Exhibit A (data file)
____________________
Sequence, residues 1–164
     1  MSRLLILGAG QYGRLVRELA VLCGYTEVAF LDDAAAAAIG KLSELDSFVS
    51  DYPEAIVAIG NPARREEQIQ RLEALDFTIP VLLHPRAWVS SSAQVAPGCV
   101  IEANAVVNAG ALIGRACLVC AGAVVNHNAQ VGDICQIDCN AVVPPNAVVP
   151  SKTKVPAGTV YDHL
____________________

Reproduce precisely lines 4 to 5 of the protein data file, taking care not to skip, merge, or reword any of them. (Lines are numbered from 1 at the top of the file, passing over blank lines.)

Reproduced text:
   101  IEANAVVNAG ALIGRACLVC AGAVVNHNAQ VGDICQIDCN AVVPPNAVVP
   151  SKTKVPAGTV YDHL